Marcus Pavilonis

Stereotypes on Screen


LGBTQ representation in TV shows often resorts to tropes

Jess Umbarger / Asst. Culture Editor

Although LGBTQ people have been getting more representative roles in TV shows, the representation often isn’t hitting the mark.

Many of the shows that are praised for having LGBTQ roles are simply using the characters as tropes. The characters often represent the most stereotypical person in that role.

One of the more problematic shows that misrepresented LGBTQ people was Glee, said delfin bautista, the director of the Ohio University LGBT Center.

“You may think (Glee) raised awareness, especially at a time where representation was lacking, especially inclusive, comprehensive representation of LGBT folk, but at the same time, representing a very limited scope,” bautista, who uses they/them pronouns and the lowercase spelling of their name, said.


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The character of Kurt Hummel, played by Chris Colfer, was one of those stereotypical LGBTQ roles. He was written as interested in fashion, was slender and a singer.

“(For) folks who don’t fit that mold, where are our stories?” bautista asked.

Joseph Metcalf, a junior studying education, also has issues with the show Glee. He found the show to be disappointing.

Glee was kind of disappointing in how they decided to show different sexualities and the different heartaches and experiences that come with having sexually diverse groups of people and people with different gender identities,” Metcalf said.

Metcalf also believes the character of Unique Adams, played by Alex Newell, was used as a gimmick.

“In a lot of (shows), we find incidental queer characters, just stumbling upon them,” Metcalf said. “It’s just a backseat to the storyline. It’s a fun little trope to use for an episode.”

Glee creator Ryan Murphy did do a good job of pushing things forward, but there were a lot of missed opportunities for critical representation, bautista said.

“You have these tropes that (Murphy) could have challenged but he lived into them, so dynamics of privilege and dynamics of respectable LGBT-ness was I think played out in Glee,” bautista said.

One of the shows that does a good job is the cartoon Steven Universe; a coming-of-age story about a boy who lives with humanoid, magical aliens. The five-time Emmy nominated show portrays different family structures as well as romantic and platonic relationships.

“(Steven Universe) is teaching acceptance and tolerance,” B Irwin, a junior studying women’s, gender and sexuality studies, said. “If we root that idea very young, then it’s not culturally inappropriate.”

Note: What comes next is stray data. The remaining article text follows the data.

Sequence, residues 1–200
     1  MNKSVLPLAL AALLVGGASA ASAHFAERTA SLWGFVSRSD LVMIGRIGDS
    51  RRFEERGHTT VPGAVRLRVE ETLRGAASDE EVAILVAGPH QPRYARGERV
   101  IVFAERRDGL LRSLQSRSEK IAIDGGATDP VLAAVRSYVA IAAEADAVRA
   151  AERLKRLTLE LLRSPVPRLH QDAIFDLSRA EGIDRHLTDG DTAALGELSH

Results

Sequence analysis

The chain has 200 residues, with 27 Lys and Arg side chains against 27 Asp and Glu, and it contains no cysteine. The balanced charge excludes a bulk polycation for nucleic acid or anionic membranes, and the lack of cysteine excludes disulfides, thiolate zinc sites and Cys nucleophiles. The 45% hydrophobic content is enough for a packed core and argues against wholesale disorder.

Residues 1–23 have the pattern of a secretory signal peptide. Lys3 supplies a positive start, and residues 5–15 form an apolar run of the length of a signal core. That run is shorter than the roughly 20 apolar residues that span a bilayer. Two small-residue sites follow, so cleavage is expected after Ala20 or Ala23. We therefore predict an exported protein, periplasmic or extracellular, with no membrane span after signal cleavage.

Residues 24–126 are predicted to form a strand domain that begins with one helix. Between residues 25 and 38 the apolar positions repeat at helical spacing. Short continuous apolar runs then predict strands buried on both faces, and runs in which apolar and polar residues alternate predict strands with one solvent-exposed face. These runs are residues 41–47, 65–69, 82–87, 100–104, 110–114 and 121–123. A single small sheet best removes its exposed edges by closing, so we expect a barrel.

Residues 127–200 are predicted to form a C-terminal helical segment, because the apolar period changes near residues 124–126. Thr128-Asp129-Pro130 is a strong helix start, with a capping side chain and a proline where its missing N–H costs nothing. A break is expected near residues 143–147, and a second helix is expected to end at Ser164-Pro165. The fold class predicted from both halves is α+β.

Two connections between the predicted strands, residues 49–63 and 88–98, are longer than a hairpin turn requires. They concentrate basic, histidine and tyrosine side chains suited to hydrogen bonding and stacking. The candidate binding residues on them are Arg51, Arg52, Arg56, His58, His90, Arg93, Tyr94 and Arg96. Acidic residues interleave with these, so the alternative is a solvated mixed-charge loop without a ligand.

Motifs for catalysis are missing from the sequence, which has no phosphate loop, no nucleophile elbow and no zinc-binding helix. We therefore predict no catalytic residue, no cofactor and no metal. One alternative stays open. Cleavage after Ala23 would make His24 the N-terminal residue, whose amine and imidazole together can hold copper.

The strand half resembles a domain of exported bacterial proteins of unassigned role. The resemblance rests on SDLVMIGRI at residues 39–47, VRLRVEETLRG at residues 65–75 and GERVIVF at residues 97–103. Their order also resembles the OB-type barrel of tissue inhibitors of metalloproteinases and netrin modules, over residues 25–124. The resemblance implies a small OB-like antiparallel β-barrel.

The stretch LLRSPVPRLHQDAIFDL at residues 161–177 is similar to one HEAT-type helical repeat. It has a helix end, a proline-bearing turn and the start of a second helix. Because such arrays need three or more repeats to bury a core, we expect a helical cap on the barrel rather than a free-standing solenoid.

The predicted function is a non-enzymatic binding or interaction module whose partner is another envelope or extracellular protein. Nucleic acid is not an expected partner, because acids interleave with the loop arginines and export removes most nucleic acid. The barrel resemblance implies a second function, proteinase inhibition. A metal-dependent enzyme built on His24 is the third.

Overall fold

The show includes same-sex marriage, non-binary characters and male characters embracing their feminine sides without ridicule. Steven Universe was called “one of the most unabashedly queer shows on TV” in a story by The Guardian.

Last year, the breakout film Love, Simon was highly praised for having the primary narrative be the coming-out of a teenage boy. But the production decisions behind the film didn’t sit well with everyone in the LGBTQ community.

“In one of favorite movies last year, Love, Simon, the main actor of this breakout LGBT film was not gay,” Metcalf said.

Metcalf thought the portrayal of Simon Spier, played by Nick Robinson, was good from an outsider’s perspective.

“I feel like had we come from a perspective of someone who actually experienced this, it would have been a little more genuine,” Metcalf said.

What Metcalf, Irwin and bautista would all like to see in shows is more LGBTQ people being a part of the creative process, as well as playing the roles that are portraying their sexuality and gender.

“(Put) queer people on TV and showing that they exist and they are not made up,” Irwin said. “(There are a lot of) movies that are being written for queer people that aren’t written by queer people and not played by queer people.”

TV show viewers should not automatically assume characters are straight, Metcalf said. Viewers shouldn’t automatically assume anything about a character’s sexuality.

“I really want to see more queer actors play queer roles,” Metcalf said.

Allowing LGBTQ people to write their stories as well as produce and act in those stories is something bautista would like to see in the future.

“Include the people who they are trying to portray in the conversation so we aren’t writing these folks as complete outsiders,” bautista said.

Development by: Megan Knapp / Digital Production Editor

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